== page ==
Imagine if all the money miners spend on buying new ASIC rigs would go directly into the purchase of bitcoins. Imagine also if all the cost associated with operating mining farms would be virtually eliminated and therefore greatly reducing amount of bitcoins miners have sell to keep operating.
That is effectively one of the things ETH 2.0 is bringing to the table. It will also result in lower issuance, a rapid increase in network scaling. This is a very exciting development for cryptocurrencies as a whole, and if the implementation is successful there are a lot of reasons to believe it will catapult Ether's price. If you are a maximalist (on either side of the fence), please consider hedging your investment. It is a responsible approach specially when dealing with a highly speculative and volatile asset class. Cheers!
Isn't there a disturbingly high chance that the ASIC disruption will threaten the entire bitcoin currency? As difficulty rises and all but the largest miners with the lowest costs drop out, isn't there a strong possibility of one organization reaching 51 percent and ending bitcoin as we know it?
Do people profit by mining anymore? If not why do people mine if it is no profit? If mining is profitable then how? I am looking at cost of different asic hardware. Even at bulk prices and with free electricity the online mining reward calculators still show a loss by never recovering the price of hardware. Or in a good situation just a cut even. Is mining on bitcoin now only reserved to the few elitist who manufacture asic machines? The claims that it is profitable because bitcoin value go up is invalid. Because at that case better off to just buy bitcoin and hodl instead of buying asic with it. Or if bought the hardware using bitcoin may never recover costs. How is lack of asic resistance not an issue?
Ok, A little backround. I know hardware and networking. I can build just about any config of a computer. I understand overclocking and undervolting. I can invest around 2,700 for initial investment. So do I buy hardware to build a GPU miner with at least 6 cards or more? Probably RX580 as they are cheap and I have one in my rig. More on that later. Or do I a Asic miner like this I understand a GPU miner is multiple coins and not Bitcoin, and Asic is nothing but Bitcoin. I've done the math on the Asic miner and the ROI in about 3 months with a net gain of about ~10,000 USD a year @ .13 cents per Watt. I've had a hard time finding a solid or semi way of calculating the earnings for a GPU miner. Not only because it is many coins or dedicated to one coin, but there our other variables involved. However I have more control of the hardware if it fails. I dipped my toe into mining with my own rig that has a RX580 fatboy and a AMD Phenom ii x4 955 black edition. I overclocked the GPU and undervolted the CPU to reduce heat since it was hitting 62 cel. The GPU gets 12.5 sol/s and the CPU was getting ~322 h/s. All this added up to ~170 watts and a net of .00218322 BTC/Month. This was all done using Cudo as it was easy to find and setup just to test. This was just a test to see how it would work. I wouldn't use Cudo to full scale as it is a pool and the transfer to a Wallet is pretty steep in relationship to earns. I understand that in a pool you get your share based upon how much of the "work" you did to get find block. So do I build or buy? With that much computation power do I need to join a pool? What software is best for pool or alone? I am comfortable with CLI as long as it's well documented, but would like a remote GUI. Also what is the best wallet with the best fees for transactions. Currently using uphold since I use Brave. I think I covered as much as I could, if you have any questions let me know. Any advice would be great. If I should post this else where let me know please or I could just cross post it. TIA. Be safe, stay safe! Edit: Words and BTC earning was WAY off then I first typed this.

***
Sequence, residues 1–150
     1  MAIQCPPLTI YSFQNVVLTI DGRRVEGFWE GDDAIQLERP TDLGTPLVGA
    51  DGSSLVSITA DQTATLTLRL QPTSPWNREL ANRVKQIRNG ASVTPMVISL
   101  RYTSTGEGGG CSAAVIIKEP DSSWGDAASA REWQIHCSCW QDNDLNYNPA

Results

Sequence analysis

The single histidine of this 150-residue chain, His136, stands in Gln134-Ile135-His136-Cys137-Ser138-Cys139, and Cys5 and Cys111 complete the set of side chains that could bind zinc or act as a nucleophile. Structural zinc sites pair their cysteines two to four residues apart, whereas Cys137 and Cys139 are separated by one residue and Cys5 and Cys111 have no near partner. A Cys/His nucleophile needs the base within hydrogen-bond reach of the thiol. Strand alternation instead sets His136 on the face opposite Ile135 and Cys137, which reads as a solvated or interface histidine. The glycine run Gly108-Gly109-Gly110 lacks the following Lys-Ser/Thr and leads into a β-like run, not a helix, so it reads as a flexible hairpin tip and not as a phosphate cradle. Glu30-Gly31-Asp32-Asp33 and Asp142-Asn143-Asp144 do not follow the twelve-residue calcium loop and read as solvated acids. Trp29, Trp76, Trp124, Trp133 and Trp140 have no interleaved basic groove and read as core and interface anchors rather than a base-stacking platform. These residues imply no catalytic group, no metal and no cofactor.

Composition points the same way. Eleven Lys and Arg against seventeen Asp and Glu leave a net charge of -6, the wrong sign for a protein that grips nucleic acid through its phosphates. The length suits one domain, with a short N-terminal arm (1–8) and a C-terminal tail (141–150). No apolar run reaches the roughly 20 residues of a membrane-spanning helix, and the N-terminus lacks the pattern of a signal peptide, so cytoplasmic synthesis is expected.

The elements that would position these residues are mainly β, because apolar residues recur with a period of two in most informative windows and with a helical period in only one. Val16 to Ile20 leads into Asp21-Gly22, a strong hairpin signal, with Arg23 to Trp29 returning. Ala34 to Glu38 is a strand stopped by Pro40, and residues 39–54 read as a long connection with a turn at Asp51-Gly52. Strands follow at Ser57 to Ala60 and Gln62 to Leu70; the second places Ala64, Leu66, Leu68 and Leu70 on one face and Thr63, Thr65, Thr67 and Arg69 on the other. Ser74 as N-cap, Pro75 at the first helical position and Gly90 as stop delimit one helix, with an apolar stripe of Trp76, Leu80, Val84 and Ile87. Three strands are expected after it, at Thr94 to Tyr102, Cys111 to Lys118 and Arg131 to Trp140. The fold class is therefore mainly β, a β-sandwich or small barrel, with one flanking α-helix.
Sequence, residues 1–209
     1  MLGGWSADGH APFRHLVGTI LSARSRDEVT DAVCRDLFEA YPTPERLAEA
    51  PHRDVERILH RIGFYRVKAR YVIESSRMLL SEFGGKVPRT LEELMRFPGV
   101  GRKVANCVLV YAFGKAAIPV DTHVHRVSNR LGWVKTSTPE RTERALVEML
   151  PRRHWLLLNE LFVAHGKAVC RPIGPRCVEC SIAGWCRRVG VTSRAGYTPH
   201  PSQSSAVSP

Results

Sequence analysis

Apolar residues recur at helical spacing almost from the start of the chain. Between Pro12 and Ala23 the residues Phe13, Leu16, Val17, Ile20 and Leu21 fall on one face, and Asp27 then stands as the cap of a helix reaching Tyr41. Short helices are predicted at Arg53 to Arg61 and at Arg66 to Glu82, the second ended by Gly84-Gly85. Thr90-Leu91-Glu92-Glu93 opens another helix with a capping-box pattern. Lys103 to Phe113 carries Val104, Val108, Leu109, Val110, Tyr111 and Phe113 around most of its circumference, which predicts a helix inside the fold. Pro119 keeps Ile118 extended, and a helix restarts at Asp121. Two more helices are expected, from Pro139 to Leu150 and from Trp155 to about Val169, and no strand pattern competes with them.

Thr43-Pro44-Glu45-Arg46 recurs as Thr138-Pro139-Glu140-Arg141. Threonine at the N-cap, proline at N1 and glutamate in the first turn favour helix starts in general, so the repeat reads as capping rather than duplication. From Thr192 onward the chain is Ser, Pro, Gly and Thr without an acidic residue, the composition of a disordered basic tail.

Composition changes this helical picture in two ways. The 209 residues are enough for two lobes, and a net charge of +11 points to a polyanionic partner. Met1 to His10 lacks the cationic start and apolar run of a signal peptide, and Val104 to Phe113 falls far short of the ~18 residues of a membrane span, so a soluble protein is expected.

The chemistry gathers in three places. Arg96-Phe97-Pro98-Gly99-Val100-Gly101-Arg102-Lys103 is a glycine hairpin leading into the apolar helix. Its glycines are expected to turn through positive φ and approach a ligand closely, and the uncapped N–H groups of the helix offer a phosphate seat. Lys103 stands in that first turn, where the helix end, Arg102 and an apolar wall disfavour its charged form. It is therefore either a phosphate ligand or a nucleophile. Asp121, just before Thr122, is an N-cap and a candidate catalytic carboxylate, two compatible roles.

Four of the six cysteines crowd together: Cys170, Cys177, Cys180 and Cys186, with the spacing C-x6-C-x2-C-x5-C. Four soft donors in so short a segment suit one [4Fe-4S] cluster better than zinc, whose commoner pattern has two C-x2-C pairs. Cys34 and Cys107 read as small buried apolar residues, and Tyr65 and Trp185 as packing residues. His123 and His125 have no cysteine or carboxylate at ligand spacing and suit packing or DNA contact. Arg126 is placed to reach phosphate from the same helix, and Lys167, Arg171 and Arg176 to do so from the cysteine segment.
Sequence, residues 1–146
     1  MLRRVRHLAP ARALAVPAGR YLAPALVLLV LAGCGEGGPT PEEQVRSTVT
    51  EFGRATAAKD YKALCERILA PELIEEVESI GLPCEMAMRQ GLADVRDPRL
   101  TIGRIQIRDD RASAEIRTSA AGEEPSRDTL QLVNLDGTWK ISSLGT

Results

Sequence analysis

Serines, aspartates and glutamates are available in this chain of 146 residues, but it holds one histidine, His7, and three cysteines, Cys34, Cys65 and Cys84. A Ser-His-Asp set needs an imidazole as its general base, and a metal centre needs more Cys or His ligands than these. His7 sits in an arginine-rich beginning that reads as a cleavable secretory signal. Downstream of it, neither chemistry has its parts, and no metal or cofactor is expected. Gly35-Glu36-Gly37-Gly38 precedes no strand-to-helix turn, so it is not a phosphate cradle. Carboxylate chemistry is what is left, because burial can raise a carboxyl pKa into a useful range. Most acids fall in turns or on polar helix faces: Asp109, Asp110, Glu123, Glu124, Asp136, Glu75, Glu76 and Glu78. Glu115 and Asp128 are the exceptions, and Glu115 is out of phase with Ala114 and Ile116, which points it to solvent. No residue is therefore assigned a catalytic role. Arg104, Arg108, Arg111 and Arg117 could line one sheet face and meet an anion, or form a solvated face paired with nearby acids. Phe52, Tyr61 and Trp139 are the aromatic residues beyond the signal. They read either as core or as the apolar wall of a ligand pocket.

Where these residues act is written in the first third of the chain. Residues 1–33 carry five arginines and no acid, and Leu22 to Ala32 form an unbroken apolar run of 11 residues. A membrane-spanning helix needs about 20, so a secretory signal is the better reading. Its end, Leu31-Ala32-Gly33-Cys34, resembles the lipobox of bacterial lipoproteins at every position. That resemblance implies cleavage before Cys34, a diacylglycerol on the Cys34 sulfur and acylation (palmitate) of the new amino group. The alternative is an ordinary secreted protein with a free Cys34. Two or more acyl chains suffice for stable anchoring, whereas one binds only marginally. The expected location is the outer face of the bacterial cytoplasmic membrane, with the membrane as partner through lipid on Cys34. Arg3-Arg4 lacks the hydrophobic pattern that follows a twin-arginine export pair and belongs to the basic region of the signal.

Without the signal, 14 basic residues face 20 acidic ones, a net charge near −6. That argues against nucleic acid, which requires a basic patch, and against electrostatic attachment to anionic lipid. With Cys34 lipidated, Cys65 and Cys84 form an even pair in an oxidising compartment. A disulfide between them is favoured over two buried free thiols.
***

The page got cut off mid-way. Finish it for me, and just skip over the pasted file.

With all the latest news and going ons, I came to the conclusion that in the future there might be a backlash against power hungry coins like Bitcoin resulting in some national tax being levied on Bitcoin transactions (don’t worry too much about this , it’s just to explain where my mind was going). So I thought this might mean LiteCoin would be a good long term investment as I’ve heard it’s more energy efficient. I did some googling and found this well written article: https://www.ofnumbers.com/2018/08/26/how-much-electricity-is-consumed-by-bitcoin-bitcoin-cash-ethereum-litecoin-and-monero/ I was surprised to find LiteCoin , isn’t that much more energy efficient , due to the fact miners still end up using ASIC machines. The article finishes by addressing some of the common counter arguments such as traditional systems also consume a lot of energy, and use of green energy. I strongly recommend reading it if you want to comment about those. It does however focus on the energy cost after a coin or fiat has been created (I.e. cost of transactions and storage) and not the cost of producing the fiat. But cost of production is one one off cost anyway. And it does not mention gold (which I imagine has a high production cost but cheaper transaction+storage costs vs. BTC). Anyway thought I’d get the communities thought on all of this. I know a lot of us are emotionally attached to crypto and will rush to defend it but I im trying to anticipate if there might be a backlash in the future and if so which coins might be a good investment. I’m curious to see how the author would rate Nano, which is kind of the conclusion I’m reaching here (all the nano shillers I’ve been deriding will rejoice to hear this) Thoughts?